4. John Bordelon says:

    I understand that the NHL teams are limited to 50 contracted players. How does that fit with all of the prospects/draft picks in juniors and minors?

  5. ann says:

    In the age before the salary cap, I don’t remember the back and forth as much with guys in the AHL to the NHL for “days off”. Now teams have to “save” that extra money, so they don’t end up like the Flames at the end of last season, unable to call anyone up to replace the injured guys and playing two skaters short. But then again, that’s a “cap management” lesson I guess – don’t get yourself so close that you put your other players in danger.

    I do remember that happening a lot with the Phantoms though. It was very easy to tell the kid to go across the hall to the Phantoms locker room since they were in the same facility, rather than, say, tell him he has to drive 5 hours to Glens Falls now.

    Along the lines of what ms.conduct said, I remember being told a story about an ECHL team who as they beat teams in the playoffs, took the defeated team’s sticks with them, because they were almost out of sticks. Surprisingly, that team doesn’t exist anymore.

  6. Madeleine says:

    This is why I love your blog. I never think about things like this, but yet they’re fascinating to read about. How much do players in the CHL make?

  7. jtbourne says:

    Great questions, I’ll save the answers for future entries on call-ups. But Madeline, your question is more easily answered – less than NHL per diem. Usually in the the $300-$500 a week range (yes, before tax), with exceptions probably up to around $900 a week). Worst part is, they don’t start getting paid until the regular season, and the lower leagues need to know who’s available from the higher ones, so the lower you go, the later you start. Since you get your first paycheck about three weeks after you start earning, I bet the CHL guys don’t get paid til almost November, and the season will end in April. It’s a tough go.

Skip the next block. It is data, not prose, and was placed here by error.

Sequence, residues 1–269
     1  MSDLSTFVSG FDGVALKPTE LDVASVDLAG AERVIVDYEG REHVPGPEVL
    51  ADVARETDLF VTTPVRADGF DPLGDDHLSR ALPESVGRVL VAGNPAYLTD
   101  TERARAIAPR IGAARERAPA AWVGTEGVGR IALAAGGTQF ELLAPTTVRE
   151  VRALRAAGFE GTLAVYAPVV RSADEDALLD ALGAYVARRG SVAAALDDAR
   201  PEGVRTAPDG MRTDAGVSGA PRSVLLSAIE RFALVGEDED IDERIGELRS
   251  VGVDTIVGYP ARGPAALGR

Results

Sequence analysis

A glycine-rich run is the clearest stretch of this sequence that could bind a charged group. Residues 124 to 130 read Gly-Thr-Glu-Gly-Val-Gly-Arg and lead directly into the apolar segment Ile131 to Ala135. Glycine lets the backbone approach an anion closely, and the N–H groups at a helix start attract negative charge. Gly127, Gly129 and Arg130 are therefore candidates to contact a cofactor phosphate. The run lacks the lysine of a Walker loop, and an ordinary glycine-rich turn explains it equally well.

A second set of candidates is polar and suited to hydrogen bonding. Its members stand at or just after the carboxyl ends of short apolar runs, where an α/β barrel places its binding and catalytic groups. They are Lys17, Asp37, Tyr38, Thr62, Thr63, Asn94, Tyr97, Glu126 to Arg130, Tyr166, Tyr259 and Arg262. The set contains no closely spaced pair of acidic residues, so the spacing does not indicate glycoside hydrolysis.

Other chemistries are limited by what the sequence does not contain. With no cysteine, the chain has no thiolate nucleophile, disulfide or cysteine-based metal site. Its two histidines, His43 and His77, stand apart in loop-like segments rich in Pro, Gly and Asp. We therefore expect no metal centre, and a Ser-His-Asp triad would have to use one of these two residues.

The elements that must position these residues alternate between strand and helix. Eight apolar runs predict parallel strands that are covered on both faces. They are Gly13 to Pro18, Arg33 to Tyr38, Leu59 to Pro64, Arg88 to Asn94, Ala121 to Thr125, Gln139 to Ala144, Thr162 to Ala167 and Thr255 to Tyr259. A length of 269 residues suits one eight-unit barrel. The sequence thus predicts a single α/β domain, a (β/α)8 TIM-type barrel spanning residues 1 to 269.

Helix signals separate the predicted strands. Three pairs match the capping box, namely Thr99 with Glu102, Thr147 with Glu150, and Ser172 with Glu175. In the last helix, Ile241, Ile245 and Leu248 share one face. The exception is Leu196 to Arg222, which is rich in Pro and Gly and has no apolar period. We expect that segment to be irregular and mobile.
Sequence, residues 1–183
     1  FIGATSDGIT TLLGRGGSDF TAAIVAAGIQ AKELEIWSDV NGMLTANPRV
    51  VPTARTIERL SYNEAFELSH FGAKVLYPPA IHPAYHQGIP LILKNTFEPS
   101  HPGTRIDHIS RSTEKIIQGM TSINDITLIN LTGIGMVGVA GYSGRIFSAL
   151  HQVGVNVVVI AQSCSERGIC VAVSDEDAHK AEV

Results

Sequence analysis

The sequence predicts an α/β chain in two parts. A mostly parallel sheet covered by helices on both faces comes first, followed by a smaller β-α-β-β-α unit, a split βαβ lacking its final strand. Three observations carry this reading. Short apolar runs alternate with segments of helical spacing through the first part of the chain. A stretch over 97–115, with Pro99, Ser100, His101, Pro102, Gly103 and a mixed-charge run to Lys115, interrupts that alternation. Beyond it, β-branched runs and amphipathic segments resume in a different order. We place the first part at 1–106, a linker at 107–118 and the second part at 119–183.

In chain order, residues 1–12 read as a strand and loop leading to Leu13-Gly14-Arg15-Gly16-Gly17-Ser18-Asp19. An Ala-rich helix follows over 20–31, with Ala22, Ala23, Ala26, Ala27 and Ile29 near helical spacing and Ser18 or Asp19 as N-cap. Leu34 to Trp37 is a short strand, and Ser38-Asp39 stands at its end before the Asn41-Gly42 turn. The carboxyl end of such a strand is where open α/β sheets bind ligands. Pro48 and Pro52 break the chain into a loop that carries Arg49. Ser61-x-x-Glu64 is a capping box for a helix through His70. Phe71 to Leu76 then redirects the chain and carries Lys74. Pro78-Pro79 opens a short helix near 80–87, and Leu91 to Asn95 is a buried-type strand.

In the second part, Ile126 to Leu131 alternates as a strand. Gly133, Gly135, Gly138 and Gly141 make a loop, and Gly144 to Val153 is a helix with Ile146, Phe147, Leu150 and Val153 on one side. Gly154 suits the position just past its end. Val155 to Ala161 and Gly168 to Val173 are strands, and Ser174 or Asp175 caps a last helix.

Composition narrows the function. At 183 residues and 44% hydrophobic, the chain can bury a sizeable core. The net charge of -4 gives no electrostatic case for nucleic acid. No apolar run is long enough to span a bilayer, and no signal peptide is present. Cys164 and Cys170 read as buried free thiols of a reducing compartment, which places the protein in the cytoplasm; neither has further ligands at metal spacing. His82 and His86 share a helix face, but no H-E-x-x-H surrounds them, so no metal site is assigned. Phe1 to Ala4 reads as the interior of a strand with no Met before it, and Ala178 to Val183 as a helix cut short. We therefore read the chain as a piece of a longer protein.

8. Matt says:


    It’s 50 contracts total. Everyone on the NHL team, and all the guys in the minors/juniors who have two-way deals.

  9. Char says:

    A Lincoln Navigator? Seriously?

  10. jtbourne says:

    Honestly, no, pretty much everyone gets Escalades. I’m going back and changing that.

  11. TS says:

    I know a couple of guys that go up and were probably only gonna play a game or two and then get sent back down…..but oops they tweek a knee when they are in the “show” and get the big bucks until healthy. Not many times as a player you are asking for an injury, but a 4-6 week MCL sprain would do just fine!!

  12. minnesotagirl71 says:

    I wish that every guy who got an NHL (or any other professional sport) contract would also be assigned a financial advisor. I’m guessing that when young men, who most likely think they are indestructable, start making half a million or more per year, they don’t really think about planning for their retirement. Even if they achieve success in the NHL and manage to avoid a career ending injury, their choice of profession does not lend itself to longevity. I hear about these 22 year olds signing huge contracts and I hope that they are putting some away for the future….